No visit to Rwanda is complete without learning some of the history behind this beautiful country. Tensions between the Hutu and Tutsi culminated in one of the worlds worst genocides. Knowing what happened during those dark days in 1994 is crucial to understanding Rwanda and why Rwandans today have the most positive of outlooks. This busy and vibrant country is no doubt shaped by those terrible days and the cry, ‘Never again’.
Here are a few books which I feel are must reads to anyone anticipating spending time in this amazing country.
Romeo Dallair’s account is one of frustration and helplessness, shackled by a slow acting and disbelieving United Nations dinosaur. His book is a clear and accurate first hand account of the unfolding of the 1994 genocide and subsequent actions of all parties.
Clearly a man used to taking action, I was in awe of his ability to follow orders when every atom of his being screamed to override orders and take direct action against a clear atrocity. If you only take one book; make it this one. Goose pimples and tears are welling, just remembering his story.
Meeting Fergal Keane in London prior to taking out the Conservative Party Volunteers in 2007 was my first brush with someone who was there, who saw it all happening in complete disbelief. The disbelief continues to this day, how could such a thing happen?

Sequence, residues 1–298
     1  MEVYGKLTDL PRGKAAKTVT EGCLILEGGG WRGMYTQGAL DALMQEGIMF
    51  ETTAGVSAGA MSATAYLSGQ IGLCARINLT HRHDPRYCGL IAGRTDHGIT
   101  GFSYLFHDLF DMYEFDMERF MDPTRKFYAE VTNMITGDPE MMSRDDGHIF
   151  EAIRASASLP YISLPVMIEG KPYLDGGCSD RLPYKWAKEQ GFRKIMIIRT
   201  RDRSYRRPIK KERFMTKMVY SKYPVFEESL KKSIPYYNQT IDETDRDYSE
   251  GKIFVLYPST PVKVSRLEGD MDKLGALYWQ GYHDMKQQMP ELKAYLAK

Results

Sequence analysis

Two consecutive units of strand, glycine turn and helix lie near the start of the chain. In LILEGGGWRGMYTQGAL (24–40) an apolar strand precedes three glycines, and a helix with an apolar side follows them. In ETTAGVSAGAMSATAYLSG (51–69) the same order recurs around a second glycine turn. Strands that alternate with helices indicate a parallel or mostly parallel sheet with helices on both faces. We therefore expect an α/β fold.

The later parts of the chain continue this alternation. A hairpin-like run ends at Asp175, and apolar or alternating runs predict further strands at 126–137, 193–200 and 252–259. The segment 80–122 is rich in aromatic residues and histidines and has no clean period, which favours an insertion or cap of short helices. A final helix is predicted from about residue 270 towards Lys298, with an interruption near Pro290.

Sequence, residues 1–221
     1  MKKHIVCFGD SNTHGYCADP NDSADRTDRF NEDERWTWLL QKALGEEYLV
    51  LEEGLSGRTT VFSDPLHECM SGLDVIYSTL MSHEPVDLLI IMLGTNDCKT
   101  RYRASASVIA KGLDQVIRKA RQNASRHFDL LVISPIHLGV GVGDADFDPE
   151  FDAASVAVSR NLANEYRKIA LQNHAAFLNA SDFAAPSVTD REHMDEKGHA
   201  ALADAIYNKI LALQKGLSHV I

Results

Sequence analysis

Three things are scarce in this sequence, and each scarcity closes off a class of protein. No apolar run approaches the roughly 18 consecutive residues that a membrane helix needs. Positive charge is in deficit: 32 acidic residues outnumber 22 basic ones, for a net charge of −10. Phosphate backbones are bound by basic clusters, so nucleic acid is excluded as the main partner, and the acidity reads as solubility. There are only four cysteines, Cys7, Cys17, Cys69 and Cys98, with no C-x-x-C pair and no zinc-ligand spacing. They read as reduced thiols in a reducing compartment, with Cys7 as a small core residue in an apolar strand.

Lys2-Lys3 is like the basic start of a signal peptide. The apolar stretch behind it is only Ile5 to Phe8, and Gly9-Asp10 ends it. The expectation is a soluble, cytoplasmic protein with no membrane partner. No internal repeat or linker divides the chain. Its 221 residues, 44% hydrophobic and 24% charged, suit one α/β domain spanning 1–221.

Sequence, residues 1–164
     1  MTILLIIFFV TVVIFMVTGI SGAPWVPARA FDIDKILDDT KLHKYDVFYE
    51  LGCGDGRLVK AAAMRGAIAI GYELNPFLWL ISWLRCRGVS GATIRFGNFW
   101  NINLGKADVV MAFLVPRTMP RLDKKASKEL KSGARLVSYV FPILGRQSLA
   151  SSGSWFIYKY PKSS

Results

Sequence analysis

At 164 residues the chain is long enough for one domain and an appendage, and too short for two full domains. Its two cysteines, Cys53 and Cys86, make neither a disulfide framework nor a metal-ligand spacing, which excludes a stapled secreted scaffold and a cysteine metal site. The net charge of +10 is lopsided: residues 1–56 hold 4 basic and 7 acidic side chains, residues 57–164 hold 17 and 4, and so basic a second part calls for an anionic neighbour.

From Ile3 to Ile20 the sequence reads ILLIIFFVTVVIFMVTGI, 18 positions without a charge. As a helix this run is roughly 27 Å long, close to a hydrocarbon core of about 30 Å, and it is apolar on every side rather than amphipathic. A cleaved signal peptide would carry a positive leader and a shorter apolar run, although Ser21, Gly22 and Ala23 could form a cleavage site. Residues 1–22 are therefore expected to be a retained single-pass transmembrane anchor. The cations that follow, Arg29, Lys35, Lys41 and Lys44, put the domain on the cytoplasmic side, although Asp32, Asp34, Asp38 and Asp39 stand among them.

Fergal’s book and his powerful analysis reveals the terrible truth behind the headlines. Keane says the genocide inflicted on the Tutsis was planned well in advance by Hutu leaders making this graphic view of extreme news-gathering a must read. It deserves to become a must read for volunteers.
Philip Gourevitch’s book is a compilation of personal accounts of the 1994 genocide. Why people did what they did teaches us all something about human nature and what we are capable of as a race.
An American investigative journalist, Philip repeatedly visits Rwanda to try an understand just what the hell happened there. The book gets its title from a phrase used in a letter from a Tutsi pastor, to his church president, a Hutu.
An ordinary man made extra ordinary by they way he handled the rising tensions in Rwanda throughout his life, culminating in the 1994 genocide. Now of course made famous by the movie ‘Hotel Rwanda‘.
Paul’s easy to read account is a must have, if you have seen the movie, as it fills in many blanks, not least giving the story of his upbringing and how he became the manager of the Hotel des Mille Collines.
Paul and his family now live in Belgium.
Joseph Sebarenzi’s lost his parents and seven of his siblings during the genocide in 1994.
“God Sleeps in Rwanda” is his story as he returns to Rwanda as an elected speaker of parliament, his involvement in reform and the subsequent attempts on his life that forced him into exile yet again.
Joseph educates the world about Rwanda today with the aim of preventing similar atrocities ever happening again, anywhere.
More to follow when I get time………